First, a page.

The evolving landscape of climate transition planning is increasingly pivotal in driving the global transition toward a low-greenhouse gas and climate-resilient economy, as detailed in a new report by WTW. This shift is propelled not only by escalating regulatory requirements for businesses to disclose their net-zero roadmaps but also by presenting a distinctive business opportunity.
Transition planning now forms a crucial component of business strategy, addressing the risks and opportunities stemming from the worldwide movement toward a low-carbon future. Organizations and their risk managers are encouraged to adopt a more dynamic approach to comprehending their transition risks, facilitating a clearer understanding of the interplay between risks and their causes and effects. Businesses encounter various uncertainties on their path to net-zero transition, including policy, legal, and market changes. These uncertainties could result in significant alterations in asset values and cash flows or heightened operational costs. Strategies to mitigate the impact of climate change on businesses include purchasing insurance, exploring alternative risk transfer options, divesting from high-emitting assets, or transitioning business models to reduce carbon footprints and greenhouse gas emissions.
Integrating Climate Risk Quantification
The initial step in this process involves quantifying climate risks that could erode business value. By leveraging modeling and analytical tools, organizations can integrate climate risk quantification into their business and financial planning. This approach aids in embedding transition planning into business strategies, achieving anticipated returns while managing climate risks, and fulfilling evolving climate reporting obligations. Regulatory momentum for robust transition plans and climate risk quantification is gaining traction. In 2023, the International Sustainability Standards Board (ISSB) finalized its International Financial Reporting Standards (IFRS) with the publication of Standard 1 Sustainability-related Disclosure Standard and Standard 2 Climate-related Disclosure Standards (IFRS S1 and S2). Notably, IFRS S2 encompasses provisions for disclosing transition plans.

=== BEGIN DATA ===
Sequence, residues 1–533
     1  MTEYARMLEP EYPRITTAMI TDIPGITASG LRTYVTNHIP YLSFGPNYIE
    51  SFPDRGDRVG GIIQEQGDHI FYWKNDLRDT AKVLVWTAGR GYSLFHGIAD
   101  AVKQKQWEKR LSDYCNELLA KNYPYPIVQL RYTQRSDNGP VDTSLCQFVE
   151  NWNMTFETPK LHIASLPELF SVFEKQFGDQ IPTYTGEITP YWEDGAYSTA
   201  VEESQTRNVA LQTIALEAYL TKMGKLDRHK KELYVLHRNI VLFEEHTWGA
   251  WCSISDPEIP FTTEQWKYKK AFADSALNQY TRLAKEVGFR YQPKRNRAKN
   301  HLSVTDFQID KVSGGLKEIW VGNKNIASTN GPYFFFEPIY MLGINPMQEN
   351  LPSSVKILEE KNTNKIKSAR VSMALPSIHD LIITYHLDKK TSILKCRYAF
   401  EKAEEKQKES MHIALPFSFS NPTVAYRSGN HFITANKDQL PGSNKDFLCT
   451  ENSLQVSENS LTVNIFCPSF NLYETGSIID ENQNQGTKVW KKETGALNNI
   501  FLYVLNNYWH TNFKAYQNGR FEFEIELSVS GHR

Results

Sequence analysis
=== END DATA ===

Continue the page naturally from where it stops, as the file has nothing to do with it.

Furthermore, the Corporate Sustainability Reporting Directive (CSRD) in the EU mandates that all listed and large companies disclose a transition plan aligned with a 1.5 degrees Celsius global warming scenario in their annual reports. In the US, the Securities Exchange Commission climate proposal necessitates organizations to disclose transition plans as part of their climate-related risk management strategy. The year also witnessed the launch of the Transition Plan Taskforce Disclosure Framework, a UK-based initiative aimed at assisting organizations in developing comprehensive transition plans in line with IFRS S2 requirements. This framework aligns with the transition plan guidance developed by the Glasgow Finance Alliance for Net Zero, fostering international convergence around defining robust and credible transition plans.
Moving Beyond Carbon in Quantifying Transition Risks entails considering metrics beyond emissions alone. While emissions-based metrics appear objective and easily verifiable by external stakeholders, they may not fully capture an organization’s exposure to transition risks. A 2023 joint report from WTW and the Institution of International Finance highlights the limitations of GHG emissions as a sole indicator. These emissions metrics often suffer from reporting biases, are backward-looking, and may not accurately reflect a firm’s profitability affected by increased emissions costs, including potential carbon taxes.
Moreover, the report emphasizes a low correlation between financial risk and carbon intensity, suggesting that a comprehensive transition plan should encompass a broader range of metrics and considerations.